Experts entertained the theory at first, investigating what size the creature would have to be to produce a sound of such epic proportions. Upon learning that the creature would have to be around the size of the Eiffel Tower to produce such a sound, they were prompted to investigate other lines of investigation. This led them onto the idea of underwater earthquakes, more specifically, icequakes.

Robert Dziak, world-leading seismologist at the NOAA, explains the reasonbehind the booming ‘Bloop’:

“Ice breaking up and cracking is a dominant source of natural sound in the southern ocean. Each year there are tens of thousands of what we call ‘icequakes’ created by the cracking and melting of sea ice and ice calving off glaciers into the ocean.”

So, there you have it, you can call off the Kraken witch-hunt.

4) Deadly Underwater Lakes

While it seems impossible that lakes – and rivers – could lie at the bottom of the oceans, it’s both entirely natural and actually quite common. Fast-flowing underwater rivers are found throughout the oceans, the largest of which is located right under the Black Sea. It’s actually the sixth-largest river (by volume) in the world, a whole 350x larger than the River Thames and up to 150-feet deep in places. 

These rivers are heavily laden with salt, making the water in them a lot denser than the surrounding water. They’re thought to be carriers of massive swathes of sediments and minerals, as well as vital for supporting some oceanic life. 

Underwater lakes are created under similar ‘salty’ physics. As seawater seeps up through thick layers of salt, the layers are weakened and collapse, resulting in depressions. As the salty water is denser, it then settles in these depressions, forming the underwater lake. Beautiful and baffling they may be, but these lakes are some of the most deadly places in the ocean, especially for unsuspecting ocean-faring creatures. The salt creates a soupy brine that poisons any creature that dares to venture in, causing them to experience toxic shock and violent convulsions before meeting their bitter, salty end.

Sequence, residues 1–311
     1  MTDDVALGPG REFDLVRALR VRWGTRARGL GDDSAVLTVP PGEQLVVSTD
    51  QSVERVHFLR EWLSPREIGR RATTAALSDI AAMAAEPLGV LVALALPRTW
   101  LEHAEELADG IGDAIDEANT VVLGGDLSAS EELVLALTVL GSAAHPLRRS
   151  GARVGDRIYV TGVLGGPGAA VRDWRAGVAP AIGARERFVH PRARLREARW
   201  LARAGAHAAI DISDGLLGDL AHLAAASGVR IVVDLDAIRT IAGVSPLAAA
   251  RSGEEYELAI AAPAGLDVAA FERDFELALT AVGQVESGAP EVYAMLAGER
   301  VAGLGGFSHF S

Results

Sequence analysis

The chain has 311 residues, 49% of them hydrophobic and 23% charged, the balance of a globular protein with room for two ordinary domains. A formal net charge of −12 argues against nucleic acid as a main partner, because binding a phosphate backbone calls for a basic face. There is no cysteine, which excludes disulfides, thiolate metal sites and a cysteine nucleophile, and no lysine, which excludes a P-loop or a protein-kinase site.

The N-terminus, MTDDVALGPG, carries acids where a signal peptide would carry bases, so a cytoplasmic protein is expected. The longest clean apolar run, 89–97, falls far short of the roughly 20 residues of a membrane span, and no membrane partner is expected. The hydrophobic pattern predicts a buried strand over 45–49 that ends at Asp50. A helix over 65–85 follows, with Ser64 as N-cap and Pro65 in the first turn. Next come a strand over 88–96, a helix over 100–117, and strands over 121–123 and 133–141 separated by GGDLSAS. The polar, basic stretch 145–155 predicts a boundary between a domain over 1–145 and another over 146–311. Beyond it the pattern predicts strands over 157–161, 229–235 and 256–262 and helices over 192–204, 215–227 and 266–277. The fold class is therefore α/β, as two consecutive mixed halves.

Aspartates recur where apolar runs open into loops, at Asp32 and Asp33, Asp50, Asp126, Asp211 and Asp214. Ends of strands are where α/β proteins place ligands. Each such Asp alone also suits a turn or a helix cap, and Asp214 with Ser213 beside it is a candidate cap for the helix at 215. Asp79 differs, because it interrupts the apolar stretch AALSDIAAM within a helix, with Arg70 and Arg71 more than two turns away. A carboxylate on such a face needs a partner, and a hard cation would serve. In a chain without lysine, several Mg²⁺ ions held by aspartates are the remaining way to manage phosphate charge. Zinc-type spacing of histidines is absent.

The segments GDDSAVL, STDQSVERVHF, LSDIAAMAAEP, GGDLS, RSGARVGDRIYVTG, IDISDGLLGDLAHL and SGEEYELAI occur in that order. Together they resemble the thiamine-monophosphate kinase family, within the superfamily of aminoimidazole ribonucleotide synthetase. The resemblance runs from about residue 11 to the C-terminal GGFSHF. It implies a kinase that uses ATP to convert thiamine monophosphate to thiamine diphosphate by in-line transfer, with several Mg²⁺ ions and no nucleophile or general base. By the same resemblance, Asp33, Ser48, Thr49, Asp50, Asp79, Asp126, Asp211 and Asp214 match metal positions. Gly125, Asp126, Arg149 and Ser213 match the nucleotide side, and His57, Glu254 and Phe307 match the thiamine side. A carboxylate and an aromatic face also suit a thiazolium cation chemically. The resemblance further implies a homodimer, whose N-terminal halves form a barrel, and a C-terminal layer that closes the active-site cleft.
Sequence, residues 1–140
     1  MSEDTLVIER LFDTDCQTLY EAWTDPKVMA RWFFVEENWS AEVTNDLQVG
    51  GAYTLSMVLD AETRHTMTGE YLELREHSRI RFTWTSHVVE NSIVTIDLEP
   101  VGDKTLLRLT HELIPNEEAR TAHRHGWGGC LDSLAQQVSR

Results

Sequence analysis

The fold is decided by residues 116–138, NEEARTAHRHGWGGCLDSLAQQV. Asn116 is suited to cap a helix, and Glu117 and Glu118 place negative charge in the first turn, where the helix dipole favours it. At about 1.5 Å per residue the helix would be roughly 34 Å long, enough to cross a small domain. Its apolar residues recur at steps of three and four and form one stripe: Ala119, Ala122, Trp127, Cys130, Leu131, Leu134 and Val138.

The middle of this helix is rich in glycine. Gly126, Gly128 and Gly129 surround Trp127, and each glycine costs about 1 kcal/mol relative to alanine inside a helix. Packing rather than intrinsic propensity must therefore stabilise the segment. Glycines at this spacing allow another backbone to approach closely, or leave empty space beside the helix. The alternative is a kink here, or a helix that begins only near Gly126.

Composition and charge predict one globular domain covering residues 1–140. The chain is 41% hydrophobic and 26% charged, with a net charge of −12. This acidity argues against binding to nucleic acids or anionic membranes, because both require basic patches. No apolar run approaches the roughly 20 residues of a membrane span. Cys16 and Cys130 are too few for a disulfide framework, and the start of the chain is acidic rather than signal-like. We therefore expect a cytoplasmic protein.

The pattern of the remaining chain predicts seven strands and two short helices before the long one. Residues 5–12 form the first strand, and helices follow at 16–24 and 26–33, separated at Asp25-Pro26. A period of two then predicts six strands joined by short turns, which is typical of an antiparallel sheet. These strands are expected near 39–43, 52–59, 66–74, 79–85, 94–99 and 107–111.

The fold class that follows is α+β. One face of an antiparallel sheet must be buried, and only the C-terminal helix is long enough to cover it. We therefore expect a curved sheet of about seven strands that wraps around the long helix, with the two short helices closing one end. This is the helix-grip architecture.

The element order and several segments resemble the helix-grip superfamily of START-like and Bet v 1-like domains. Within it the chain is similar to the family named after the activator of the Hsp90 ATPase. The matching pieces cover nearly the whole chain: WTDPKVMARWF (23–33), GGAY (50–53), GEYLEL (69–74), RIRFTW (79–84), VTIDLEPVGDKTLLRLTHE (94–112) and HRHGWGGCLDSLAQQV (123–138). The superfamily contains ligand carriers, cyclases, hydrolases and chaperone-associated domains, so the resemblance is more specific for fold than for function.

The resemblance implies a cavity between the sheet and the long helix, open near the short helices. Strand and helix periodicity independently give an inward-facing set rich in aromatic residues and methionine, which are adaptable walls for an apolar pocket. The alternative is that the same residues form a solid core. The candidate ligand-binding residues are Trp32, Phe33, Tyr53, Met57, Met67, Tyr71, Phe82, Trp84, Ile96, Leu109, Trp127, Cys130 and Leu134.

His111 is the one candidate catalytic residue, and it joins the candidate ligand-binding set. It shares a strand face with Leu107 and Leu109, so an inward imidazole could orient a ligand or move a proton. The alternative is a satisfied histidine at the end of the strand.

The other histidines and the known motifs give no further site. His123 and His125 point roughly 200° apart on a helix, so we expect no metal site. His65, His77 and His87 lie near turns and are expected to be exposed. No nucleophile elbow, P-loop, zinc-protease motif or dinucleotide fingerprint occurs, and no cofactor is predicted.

5) Red Tides

No, it’s not a re-run of Jaws, or a new maritime horror film – the waters in coastal areas around Florida, China and Japan really do turn a shade of red. These red waters occur when colonies of algae grow out of control,starving the water columns of oxygen and producing harmful toxins that wipe out all the fish, shellfish, marine mammals and even birds living in the area.

These red tides are particularly common along Florida’s Gulf Coast, occurring nearly every summer season. Not only do the tides have a damaging affect on those in the water, they can also affect the surrounding air quality too, making it difficult for people to breathe. 

A number of factors can cause algae to bloom, some natural, others not. Unfortunately, a lot of these harmful red tides are created by our own hands, sewage and pollution – runoff and effluent from farms and large agricultural industries, in particular – promoting vast population booms in these tiny marine organisms.

The oceans need a whistle-blower – you.

While some of the strange ocean secrets on this list are entirely natural, and staggeringly beautiful – the underwater falls in Mauritius being the perfect example – many are scary, foreboding events catalysed by our own doing. The more ‘Bloops’ we record, the more icebergs are detaching from our shrinking ice sheets and the more red tides we observe, the more pollution is being pumped directly into our coastal waters. 

It’s time we lifted the lid on a lot of these ocean mysteries and exposed them for what they really are – products of our own mess. Mess needs cleaning and there’s no better marine clean-up charity around than 4Ocean. Make sure you head over to their website to learn all about their ocean-cleaning initiatives, or even purchase one of their bracelets– each one pulling a pound of waste from the world’s waters.

Will Newton